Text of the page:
2015 ORS 419B.150¹
When protective custody authorized
  • disposition of runaway child taken into protective custody

(1) A child may be taken into protective custody by a peace officer, counselor, employee of the Department of Human Services or any other person authorized by the juvenile court of the county in which the child is found, in the following circumstances:

(a) When the child’s condition or surroundings reasonably appear to be such as to jeopardize the child’s welfare;

(b) When the juvenile court, by order indorsed on the summons as provided in ORS 419B.839 (Required and discretionary summons) or otherwise, has ordered that the child be taken into protective custody; or

(c) When it reasonably appears that the child has run away from home.

(2)(a) Before issuing an order under subsection (1)(b) of this section, the court shall review an affidavit sworn on information and belief provided by a peace officer, counselor or employee of the department or other person authorized by the juvenile court that sets forth with particularity the facts and circumstances on which the request for protective custody is based, why protective custody is in the best interests of the child and the reasonable efforts or, if the Indian Child Welfare Act applies, active efforts made by the department to eliminate the need for protective custody of the child.

(b) Except as provided in paragraph (c) of this subsection, an order directing that a child be taken into protective custody under subsection (1) of this section shall contain written findings, including a brief description of the reasonable efforts or, if the Indian Child Welfare Act applies, active efforts to eliminate the need for protective custody of the child that the department has made and why protective custody is in the best interests of the child.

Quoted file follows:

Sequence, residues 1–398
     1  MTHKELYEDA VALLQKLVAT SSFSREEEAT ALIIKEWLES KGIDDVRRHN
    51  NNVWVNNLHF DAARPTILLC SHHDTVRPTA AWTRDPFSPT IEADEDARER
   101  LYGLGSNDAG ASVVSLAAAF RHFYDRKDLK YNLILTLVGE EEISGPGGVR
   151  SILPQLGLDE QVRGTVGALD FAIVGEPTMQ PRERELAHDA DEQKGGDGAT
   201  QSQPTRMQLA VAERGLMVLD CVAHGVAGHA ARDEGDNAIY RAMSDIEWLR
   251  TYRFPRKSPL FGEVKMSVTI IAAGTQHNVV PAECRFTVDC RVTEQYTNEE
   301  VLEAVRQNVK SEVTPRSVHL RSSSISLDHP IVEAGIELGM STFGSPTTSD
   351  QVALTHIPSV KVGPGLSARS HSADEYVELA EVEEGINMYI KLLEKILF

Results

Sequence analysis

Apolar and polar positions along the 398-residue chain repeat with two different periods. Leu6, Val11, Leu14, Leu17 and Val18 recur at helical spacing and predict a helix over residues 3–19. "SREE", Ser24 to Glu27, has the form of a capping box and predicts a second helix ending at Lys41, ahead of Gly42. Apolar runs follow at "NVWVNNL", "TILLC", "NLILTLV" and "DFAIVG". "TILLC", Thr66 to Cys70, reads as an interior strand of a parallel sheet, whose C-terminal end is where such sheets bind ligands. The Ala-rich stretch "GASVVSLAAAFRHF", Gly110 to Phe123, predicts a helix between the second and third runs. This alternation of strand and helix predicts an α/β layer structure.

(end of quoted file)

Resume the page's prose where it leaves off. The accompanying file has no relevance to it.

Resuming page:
(c) The court may issue an order even though no services have been provided if the court makes written findings that no existing services could eliminate the need for protective custody of the child and that protective custody is in the best interests of the child.

(3) When a child is taken into protective custody as a runaway under subsection (1) of this section, the peace officer or other person who takes the child into custody:

(a)(A) Shall release the child without unnecessary delay to the custody of the child’s parent or guardian or to a shelter facility that has agreed to provide care and services to children who have run away from home and that has been designated by the juvenile court to provide such care and services; or

(B) Shall follow the procedures described in ORS 419B.160 (Place of detention), 419B.165 (Release of child taken into custody), 419B.168 (Procedure when child is not released) and 419B.171 (Report required when child is taken into custody);

(b) Shall, if possible, determine the preferences of the child and the child’s parent or guardian as to whether the best interests of the child are better served by placement in a shelter facility that has agreed to provide care and services to children who have run away from home and that has been designated by the juvenile court to provide such care and services or by release to the child’s parent or guardian; and

(c) Notwithstanding ORS 419B.165 (Release of child taken into custody) and subsection (1) of this section, shall release the child to a shelter facility that has agreed to provide care and services to children who have run away from home and that has been designated by the juvenile court to provide such care and services if it reasonably appears that the child would not willingly remain at home if released to the child’s parent or guardian. [1993 c.33 §61; 1993 c.546 §27; 1997 c.873 §10; 1999 c.691 §1; amendments by 1999 c.691 §2 repealed by 2001 c.484 §1; 2001 c.622 §§46,47; 2001 c.686 §§1,2]


1 Legislative Counsel Committee, CHAPTER 419B—Juvenile Code: Dependency, https://­www.­oregonlegislature.­gov/­bills_laws/­ors/­ors419B.­html (2015) (last ac­cessed Jul. 16, 2016).
 
2 OregonLaws.org contains the con­tents of Volume 21 of the ORS, inserted along­side the per­tin­ent statutes. See the preface to the ORS An­no­ta­tions for more information.
 
3 OregonLaws.org assembles these lists by analyzing references between Sections. Each listed item refers back to the current Section in its own text. The result reveals relationships in the code that may not have otherwise been apparent.